I have a file in the following format:

$ cat myfile     
12 42956    Cinema - 3D/Multiplex    
7  12560    Status Update    
5  184   Movie  

I am trying to add double quotes to the text description.
I can't understand why the following regex doesn't work:
$ sed -E 's/\b[0-9]+\b\s*\b[0-9]+\b\s*([^\s]+)/"\1"/g' myfile

My question is about specifically this regex and not another approach to do the same thing. I


As far as I know, \s is a Perl regular expression which is the same as [[:blank:]] in sed. Inside [ ... ], \s means "an \ and an s". Notice too that even if [^\s]+ would have been the same as [^␣]+, that would have failed to match Status Update due to the space in the middle.

The replacement will replace all of the match with the first group in double quotes. You probably want to catch all three columns or you'll end up with only the last column. And as you're trying to match the whole line, you should anchor the expression in the beginning and end with ^ and $, and drop the g flag at the end.


$ sed -E 's/[[:alpha:]].+/"&"/' myfile
12 42956    "Cinema - 3D/Multiplex    "
7  12560    "Status Update    "
5  184   "Movie  "

This will find the last column by the fact that its data seems to always start with a non-digit. The expression will simply match the rest of the line from the first alphabetic character and replace all of the match with a double-quoted version of the match.

The data in the question had spaces at the end, and the the quotes will include these. To avoid the spaces at the end:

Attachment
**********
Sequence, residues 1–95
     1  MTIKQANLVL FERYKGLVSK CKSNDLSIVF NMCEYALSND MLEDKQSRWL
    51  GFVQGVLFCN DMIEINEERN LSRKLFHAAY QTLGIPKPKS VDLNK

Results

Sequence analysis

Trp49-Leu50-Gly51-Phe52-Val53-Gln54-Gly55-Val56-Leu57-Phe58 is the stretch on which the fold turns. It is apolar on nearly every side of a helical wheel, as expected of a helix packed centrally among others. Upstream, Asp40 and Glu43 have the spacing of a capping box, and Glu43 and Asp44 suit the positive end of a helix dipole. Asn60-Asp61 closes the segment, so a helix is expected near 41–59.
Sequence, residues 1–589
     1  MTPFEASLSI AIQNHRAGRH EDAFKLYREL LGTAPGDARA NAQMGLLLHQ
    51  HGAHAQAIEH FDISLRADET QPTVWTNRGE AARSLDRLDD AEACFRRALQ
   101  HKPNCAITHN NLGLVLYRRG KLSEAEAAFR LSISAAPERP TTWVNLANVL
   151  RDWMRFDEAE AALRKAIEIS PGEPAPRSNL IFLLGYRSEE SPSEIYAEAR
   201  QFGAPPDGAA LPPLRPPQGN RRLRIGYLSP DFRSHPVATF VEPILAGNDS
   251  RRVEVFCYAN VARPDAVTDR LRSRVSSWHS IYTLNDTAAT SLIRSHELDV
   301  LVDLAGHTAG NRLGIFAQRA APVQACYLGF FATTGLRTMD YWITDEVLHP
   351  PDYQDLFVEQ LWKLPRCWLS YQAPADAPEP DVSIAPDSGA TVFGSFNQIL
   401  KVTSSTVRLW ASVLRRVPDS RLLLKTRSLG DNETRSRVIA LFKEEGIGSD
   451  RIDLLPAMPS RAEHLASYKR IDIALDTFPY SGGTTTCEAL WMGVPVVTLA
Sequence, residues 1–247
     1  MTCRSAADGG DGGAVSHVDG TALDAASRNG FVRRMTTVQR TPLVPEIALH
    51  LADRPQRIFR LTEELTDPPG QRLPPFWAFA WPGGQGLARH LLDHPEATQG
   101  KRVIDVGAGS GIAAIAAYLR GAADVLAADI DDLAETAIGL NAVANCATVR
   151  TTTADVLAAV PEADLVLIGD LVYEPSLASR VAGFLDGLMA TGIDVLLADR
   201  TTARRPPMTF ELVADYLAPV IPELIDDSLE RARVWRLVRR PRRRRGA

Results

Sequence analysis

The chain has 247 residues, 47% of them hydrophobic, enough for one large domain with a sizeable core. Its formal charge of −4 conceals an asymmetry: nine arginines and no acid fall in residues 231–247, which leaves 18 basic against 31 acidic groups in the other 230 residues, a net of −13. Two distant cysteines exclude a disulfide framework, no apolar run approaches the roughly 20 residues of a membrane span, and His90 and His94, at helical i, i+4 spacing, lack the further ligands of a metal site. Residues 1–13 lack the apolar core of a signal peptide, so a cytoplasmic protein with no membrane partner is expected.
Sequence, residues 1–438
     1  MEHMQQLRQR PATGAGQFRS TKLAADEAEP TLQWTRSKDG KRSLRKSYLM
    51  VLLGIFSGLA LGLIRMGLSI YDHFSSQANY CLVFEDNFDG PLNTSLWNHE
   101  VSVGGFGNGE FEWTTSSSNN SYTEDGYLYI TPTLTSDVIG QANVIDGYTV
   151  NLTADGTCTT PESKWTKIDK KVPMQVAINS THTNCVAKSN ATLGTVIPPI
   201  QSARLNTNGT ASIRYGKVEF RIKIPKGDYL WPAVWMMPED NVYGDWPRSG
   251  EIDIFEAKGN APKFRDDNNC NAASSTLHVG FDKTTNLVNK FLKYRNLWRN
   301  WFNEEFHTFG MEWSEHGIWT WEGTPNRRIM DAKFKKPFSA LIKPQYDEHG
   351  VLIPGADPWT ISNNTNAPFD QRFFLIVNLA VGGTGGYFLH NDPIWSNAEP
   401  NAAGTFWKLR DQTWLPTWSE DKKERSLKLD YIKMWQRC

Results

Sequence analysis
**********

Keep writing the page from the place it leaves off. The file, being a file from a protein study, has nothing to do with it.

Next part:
$ sed -E -e 's/[[:blank:]]*$//' -e 's/[[:alpha:]].+/"&"/' myfile
12 42956    "Cinema - 3D/Multiplex"
7  12560    "Status Update"
5  184   "Movie"


while read -r a b c; do printf '%d\t%d\t"%s"\n' "$a" "$b" "$c"; done <myfile
12      42956   "Cinema - 3D/Multiplex"
7       12560   "Status Update"
5       184     "Movie"
sed -E 's/\b([0-9]+\b\s*\b[0-9]+)\b\s*([^\s]+)/\1 "\2"/g' myfile

This only adds double quotes around your text.

Saving the digits and spaces in a group \1 and the string in another group (\2), sed outputs group 1 (\1) followed by a space followed by a double quote followed by the second group (\2) followed by the final double quote.

You could shorten this up a bit by grouping all digits and spaces in one group ([0-9, ]*)and anything after digits in another group (.+).

This gives:

sed -E 's/([0-9, ]*)(.+)/\1 "\2"/g' myfile
12 42956     "Cinema - 3D/Multiplex"
7  12560     "Status Update"
5  184    "Movie"
  • I am not clear how ([0-9, ]*) captures 12 42956
    – Jim
    Feb 9 '17 at 23:18
  • The ()'s capture a match defined as a character class by square brackets [ ] any digit, 0-9, or space. the "*" grabs as many of those characters as possible. As it is the first defined group in the left hand side of 's///' the match can be referenced in the right hand side by \1. Feb 9 '17 at 23:38

Because Mac OSX sed does not support \s. Only GNU sed supports \s.

On Mac OSX, \s does not work, even with $'' ANSI-C quoting.

$ echo $'1\t2 3' | sed 's/\s//g'
1   2 3
$ echo $'1\t2 3' | sed $'s/\s//g'
1   2 3

Instead, you can use [[:space:]]

$ echo $'1\t2 3' | sed 's/[[:space:]]//g'

Or you can use [ \t], but you'll need the $'' ANSI-C quoting for the tab character.

$ echo $'1\t2 3' | sed $'s/[ \t]//g'

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